Next, a second embodiment of an optical address type spatial light modulator of the invention will be discussed. The second embodiment differs from the first embodiment in that the light absorption layers of the optical address type light modulation layers are omitted, that cholesteric (chiral nematic) liquid crystal having a memory property for reflecting visible light in a specific wavelength band is used as liquid crystal layers, and that write light and read light are applied from the direction at different timings, and therefore only the differences will be discussed.

FIG. 10 is a drawing to show an optical address type spatial light modulator of the second embodiment of the invention.

An optical address type spatial light modulator 41 of the embodiment has the same components as those in the first embodiment previously described with reference to FIG. 4 except that it does not comprise the light absorption layer 10A, 10B, or 10C. Therefore, components identical with those previously described with reference to FIG. 4 are denoted by the same reference numeral in FIG. 10 and only the differences will be discussed.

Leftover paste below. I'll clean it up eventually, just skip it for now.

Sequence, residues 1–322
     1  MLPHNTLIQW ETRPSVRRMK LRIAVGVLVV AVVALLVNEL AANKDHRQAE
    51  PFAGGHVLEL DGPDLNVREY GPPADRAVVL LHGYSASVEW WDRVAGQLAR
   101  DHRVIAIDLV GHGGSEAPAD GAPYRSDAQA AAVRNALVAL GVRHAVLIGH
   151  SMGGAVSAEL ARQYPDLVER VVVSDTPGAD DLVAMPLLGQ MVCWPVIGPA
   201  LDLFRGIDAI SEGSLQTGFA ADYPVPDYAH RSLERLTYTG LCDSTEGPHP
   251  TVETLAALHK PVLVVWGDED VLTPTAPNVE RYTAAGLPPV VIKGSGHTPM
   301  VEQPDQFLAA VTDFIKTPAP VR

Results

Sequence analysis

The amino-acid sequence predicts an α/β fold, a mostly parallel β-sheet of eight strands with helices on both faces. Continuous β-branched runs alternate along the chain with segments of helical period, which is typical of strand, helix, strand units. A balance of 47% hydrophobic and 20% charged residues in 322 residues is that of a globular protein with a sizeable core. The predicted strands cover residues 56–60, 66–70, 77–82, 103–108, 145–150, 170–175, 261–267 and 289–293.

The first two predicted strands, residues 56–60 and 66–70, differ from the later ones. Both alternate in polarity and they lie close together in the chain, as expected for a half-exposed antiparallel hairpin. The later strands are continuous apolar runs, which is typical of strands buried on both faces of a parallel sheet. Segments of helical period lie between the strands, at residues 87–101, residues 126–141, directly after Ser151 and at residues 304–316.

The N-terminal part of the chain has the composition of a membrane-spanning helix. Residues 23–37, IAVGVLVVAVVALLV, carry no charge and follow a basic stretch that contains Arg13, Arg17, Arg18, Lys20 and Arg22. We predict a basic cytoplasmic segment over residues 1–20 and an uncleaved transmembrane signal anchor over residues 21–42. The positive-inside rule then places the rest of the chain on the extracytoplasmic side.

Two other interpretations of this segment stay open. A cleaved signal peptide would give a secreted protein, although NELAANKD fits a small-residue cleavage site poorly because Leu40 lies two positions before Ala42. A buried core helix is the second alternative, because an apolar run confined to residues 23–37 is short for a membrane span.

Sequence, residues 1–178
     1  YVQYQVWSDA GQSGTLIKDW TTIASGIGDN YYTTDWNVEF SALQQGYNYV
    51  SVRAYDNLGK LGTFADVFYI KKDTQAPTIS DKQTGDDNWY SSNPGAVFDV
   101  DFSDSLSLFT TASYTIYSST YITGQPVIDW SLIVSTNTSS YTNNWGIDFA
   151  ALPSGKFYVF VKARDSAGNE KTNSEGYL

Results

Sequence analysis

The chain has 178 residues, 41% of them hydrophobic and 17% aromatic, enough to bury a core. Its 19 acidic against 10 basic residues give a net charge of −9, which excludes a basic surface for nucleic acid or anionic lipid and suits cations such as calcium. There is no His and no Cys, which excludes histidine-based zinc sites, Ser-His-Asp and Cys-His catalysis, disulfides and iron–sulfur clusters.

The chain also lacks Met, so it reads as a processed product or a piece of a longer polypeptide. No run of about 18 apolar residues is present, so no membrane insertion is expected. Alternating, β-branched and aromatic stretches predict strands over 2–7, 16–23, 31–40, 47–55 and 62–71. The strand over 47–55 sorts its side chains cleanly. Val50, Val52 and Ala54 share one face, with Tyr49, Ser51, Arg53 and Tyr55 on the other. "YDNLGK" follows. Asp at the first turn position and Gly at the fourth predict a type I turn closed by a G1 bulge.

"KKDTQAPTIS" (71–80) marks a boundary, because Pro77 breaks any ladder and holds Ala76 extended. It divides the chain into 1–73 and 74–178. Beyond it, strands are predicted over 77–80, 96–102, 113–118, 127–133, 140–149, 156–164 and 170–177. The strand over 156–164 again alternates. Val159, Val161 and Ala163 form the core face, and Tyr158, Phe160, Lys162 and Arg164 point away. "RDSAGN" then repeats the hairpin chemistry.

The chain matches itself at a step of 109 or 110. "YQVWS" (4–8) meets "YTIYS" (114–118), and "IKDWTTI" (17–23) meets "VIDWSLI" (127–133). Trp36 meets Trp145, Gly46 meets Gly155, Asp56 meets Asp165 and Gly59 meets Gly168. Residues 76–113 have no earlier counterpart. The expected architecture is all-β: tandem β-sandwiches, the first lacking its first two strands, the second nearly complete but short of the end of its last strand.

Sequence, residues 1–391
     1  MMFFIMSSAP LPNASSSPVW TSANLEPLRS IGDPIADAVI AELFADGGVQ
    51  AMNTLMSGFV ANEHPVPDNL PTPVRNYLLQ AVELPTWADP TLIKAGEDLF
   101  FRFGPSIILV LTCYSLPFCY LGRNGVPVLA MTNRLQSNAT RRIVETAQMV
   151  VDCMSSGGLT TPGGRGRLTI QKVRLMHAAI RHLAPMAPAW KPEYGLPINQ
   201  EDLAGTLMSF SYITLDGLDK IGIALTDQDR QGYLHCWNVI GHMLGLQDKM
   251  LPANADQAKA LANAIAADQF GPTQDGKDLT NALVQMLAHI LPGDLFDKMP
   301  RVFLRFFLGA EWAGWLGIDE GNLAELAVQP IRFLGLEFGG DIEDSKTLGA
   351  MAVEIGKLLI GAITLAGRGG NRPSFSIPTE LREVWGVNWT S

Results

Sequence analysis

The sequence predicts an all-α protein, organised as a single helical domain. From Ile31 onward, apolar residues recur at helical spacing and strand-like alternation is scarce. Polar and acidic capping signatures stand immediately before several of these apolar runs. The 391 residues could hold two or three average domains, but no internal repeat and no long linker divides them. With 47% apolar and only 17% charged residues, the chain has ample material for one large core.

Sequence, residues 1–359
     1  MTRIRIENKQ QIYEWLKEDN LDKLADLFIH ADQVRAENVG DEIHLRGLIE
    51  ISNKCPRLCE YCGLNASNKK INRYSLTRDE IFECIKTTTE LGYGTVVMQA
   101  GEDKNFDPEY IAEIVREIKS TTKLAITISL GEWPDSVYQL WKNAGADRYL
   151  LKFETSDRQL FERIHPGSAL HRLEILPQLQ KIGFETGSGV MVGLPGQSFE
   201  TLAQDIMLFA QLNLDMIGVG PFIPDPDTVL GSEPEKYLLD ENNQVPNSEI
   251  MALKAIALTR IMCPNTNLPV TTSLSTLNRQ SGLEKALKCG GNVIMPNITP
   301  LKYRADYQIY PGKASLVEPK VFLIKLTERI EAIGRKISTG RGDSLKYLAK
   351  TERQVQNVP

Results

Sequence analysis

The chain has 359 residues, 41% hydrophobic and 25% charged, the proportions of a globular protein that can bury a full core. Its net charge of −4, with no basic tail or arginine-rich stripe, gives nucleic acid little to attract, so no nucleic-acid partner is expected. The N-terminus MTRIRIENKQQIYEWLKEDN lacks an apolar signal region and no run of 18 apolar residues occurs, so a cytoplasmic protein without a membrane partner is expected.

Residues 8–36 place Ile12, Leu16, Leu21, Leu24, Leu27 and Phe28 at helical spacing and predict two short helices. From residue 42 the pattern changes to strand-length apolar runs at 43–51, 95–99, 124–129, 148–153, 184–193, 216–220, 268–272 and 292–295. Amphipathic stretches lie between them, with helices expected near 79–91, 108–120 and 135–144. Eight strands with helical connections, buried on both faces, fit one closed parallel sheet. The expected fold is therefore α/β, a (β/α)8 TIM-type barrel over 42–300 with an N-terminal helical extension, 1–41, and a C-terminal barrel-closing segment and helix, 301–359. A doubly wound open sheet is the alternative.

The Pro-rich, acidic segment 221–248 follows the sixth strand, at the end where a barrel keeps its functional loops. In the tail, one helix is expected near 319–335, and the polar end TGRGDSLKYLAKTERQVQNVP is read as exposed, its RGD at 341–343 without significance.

In the optical address type spatial light modulator 41 shown in FIG. 10, write light 15A, write light 15B, and write light 15C supporting images are incident from the surface side. Photoconductive layers 9A, 9B, and 9C of optical address type light modulation layers 43A, 43B, and 43C absorb visible light in different wavelength bands and allow visible light in wavelength bands except the wavelength bands of the visible light absorbed to pass through. When the photoconductive layer 9C absorbs R light, the resistance value lowers, but the photoconductive layer 9C allows G light and B light to pass through and thus the resistance value does not change with G light or B light. When the photoconductive layer 9B absorbs G light, the resistance value lowers, but the photoconductive layer 9B allows B light and R light to pass through and thus the resistance value does not change with B light or R light. Further, when the photoconductive layer 9A absorbs B light, the resistance value lowers, but the photoconductive layer 9A allows R light and G light to pass through and thus the resistance value does not change with R light or G light. As the resistance value of each photoconductive layer 9A, 9B, 9C lowers, the division voltage applied to each liquid crystal layer 8A, 8B, 8C increases and the reflectivity relative to the wavelength band of the color light absorbed on each photoconductive layer 9A, 9B, 9C rises. That is, the R light of the read light passes through the optical address type spatial light modulation layers 43A and 43B and is reflected on the liquid crystal layer 8C where the reflectivity of the wavelength band of the R light rises, of the optical address type spatial light modulation layer 43C and again passes through the optical address type spatial light modulation layers 43A and 43B. The G light of the read light passes through the optical address type spatial light modulation layer 43A and is reflected on the liquid crystal layer 8B where the reflectivity of the wavelength band of the G light rises because of G write light, of the optical address type spatial light modulation layer 43B and again passes through the optical address type spatial light modulation layer 43A. Further, the B light of the read light is reflected on the liquid crystal layer 8A where the reflectivity of the wavelength band of the B light rises because of B write light, of the optical address type spatial light modulation layer 43A.